Saturday, July 11, 2015

Pause for Thought. Derek Attridge on the Creative Act-Event

Most of the wisdom I derive from the work of Derek Attridge has been of a literary-critical or theoretical nature, (see here and, more recently, here) but just now and then he offers something for the poetics of writing, as when he describes ‘invention’ towards the end of his new book The Work of Literature.

‘The inventive artist is one who is fully in command of the materials and conventions of his art-form, or techne, but rather than simply producing a rearrangement of that material finds a way of making a space for the new, the other, the hitherto unthinkable or unperceivable. The scenario is exactly that of the hospitality of visitation: rather than inviting some already known idea or formal arrangement or quality of feeling into the work in progress, the successful artist finds a way of destabilizing the fixed structures of knowledge, habit, and affect, so as to make a visitation possible, and seeks to welcome the other, the arrivant, in a work that does justice to its singularity. Innumerable accounts by writers, painters, musicians of the way their best achievements happened testify to this process. In ‘I Have a Taste for the Secret’, Derrida uses the notion of hospitality to talk about the writer’s responsibility to future readers – a responsibility not to give the reader something that is wholly and immediately intelligible, but to leave a space open for individual interpretation. (31-2). Most philosophers would no doubt disagree, but most writers of literary works would have no difficulty with this idea.’ (Attridge 2015: 304)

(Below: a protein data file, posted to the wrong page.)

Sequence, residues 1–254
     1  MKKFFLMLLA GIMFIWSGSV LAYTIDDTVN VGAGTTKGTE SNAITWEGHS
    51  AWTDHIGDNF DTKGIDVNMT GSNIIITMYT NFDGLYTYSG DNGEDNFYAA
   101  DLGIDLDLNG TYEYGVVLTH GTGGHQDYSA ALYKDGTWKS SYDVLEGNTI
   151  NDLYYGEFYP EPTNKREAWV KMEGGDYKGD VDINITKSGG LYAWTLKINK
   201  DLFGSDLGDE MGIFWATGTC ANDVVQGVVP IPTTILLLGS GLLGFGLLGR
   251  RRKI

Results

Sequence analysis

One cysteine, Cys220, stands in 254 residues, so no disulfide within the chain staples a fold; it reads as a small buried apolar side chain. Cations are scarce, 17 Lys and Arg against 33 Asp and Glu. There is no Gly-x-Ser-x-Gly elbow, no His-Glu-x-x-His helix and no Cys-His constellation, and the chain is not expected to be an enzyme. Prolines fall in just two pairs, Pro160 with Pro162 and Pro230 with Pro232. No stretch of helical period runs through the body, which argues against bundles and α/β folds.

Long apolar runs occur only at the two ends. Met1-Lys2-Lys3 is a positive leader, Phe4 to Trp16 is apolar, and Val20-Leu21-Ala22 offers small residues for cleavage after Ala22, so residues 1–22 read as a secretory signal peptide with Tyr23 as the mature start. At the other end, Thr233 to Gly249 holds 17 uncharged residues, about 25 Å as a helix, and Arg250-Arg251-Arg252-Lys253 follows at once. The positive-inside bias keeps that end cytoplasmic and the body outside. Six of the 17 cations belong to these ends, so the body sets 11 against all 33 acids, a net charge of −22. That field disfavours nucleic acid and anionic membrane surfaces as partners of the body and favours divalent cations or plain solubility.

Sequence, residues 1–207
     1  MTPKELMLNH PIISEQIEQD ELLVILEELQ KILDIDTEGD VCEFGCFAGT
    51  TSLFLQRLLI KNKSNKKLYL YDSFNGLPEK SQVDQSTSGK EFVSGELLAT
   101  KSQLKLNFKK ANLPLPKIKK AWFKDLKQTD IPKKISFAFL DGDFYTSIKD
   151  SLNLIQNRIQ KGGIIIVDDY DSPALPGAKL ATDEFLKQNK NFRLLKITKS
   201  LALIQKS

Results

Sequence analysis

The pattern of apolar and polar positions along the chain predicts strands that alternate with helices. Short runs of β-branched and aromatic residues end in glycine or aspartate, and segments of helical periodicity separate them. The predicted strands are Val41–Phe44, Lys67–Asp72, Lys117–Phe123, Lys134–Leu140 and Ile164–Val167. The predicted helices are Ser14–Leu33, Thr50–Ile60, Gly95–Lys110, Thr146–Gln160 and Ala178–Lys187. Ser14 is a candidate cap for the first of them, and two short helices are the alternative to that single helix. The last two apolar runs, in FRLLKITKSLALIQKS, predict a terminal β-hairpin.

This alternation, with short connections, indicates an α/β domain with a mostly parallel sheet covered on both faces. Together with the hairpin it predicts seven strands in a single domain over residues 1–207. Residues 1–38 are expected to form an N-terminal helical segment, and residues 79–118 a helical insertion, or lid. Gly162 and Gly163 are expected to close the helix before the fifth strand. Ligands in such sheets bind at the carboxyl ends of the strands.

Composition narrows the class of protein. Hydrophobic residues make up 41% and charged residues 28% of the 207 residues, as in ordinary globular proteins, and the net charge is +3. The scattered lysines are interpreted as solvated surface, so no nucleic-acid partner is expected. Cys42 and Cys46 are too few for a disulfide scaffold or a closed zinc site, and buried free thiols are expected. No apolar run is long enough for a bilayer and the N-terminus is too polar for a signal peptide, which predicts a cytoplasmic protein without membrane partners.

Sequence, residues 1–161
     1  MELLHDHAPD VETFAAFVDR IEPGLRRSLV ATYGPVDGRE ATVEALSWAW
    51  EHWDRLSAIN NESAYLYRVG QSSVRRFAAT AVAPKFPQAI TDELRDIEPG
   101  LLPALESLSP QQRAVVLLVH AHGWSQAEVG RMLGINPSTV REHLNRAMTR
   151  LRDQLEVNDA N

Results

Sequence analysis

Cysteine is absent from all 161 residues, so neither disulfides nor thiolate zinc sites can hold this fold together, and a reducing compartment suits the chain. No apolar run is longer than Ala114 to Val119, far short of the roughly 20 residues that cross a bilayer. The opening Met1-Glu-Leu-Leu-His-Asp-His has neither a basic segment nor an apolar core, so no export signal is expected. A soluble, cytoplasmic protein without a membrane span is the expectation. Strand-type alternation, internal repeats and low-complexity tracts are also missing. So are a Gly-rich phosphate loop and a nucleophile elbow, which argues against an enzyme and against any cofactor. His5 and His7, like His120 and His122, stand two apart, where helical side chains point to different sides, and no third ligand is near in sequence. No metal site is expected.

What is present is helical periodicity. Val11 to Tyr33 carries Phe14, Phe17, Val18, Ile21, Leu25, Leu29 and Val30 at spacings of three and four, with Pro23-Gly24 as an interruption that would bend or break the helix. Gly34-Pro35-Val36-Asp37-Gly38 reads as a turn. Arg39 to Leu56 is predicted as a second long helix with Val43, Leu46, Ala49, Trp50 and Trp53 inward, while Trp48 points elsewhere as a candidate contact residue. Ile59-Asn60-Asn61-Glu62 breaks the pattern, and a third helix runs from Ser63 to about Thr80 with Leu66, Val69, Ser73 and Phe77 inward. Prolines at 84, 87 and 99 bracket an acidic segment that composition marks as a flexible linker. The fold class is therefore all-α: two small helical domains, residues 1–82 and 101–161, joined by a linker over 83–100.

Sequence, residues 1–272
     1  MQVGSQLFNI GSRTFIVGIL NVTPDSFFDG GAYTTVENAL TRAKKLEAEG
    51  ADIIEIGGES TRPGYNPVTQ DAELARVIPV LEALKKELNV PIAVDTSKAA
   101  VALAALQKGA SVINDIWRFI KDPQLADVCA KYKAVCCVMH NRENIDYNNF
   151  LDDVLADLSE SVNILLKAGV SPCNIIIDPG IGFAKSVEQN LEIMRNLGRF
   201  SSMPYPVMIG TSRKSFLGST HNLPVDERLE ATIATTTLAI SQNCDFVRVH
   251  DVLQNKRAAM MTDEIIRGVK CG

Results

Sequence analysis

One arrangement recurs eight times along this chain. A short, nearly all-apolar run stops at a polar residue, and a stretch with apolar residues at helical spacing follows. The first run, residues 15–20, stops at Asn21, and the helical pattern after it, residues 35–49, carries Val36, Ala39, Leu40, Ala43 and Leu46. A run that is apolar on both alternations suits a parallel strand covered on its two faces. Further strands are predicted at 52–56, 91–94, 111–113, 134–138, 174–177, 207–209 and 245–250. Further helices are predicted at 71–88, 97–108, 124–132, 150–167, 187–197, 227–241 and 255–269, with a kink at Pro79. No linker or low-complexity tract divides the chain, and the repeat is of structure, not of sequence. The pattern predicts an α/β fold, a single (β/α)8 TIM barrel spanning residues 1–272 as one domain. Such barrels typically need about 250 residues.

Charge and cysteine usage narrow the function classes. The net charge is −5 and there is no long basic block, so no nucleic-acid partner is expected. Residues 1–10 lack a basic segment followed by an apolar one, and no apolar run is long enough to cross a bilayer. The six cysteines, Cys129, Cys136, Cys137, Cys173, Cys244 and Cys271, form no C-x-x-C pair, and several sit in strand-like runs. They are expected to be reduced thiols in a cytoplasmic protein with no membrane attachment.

Attridge. Derek. (2015) The Work of Literature. Oxford: Oxford University Press.

Access The Meaning of Form project here.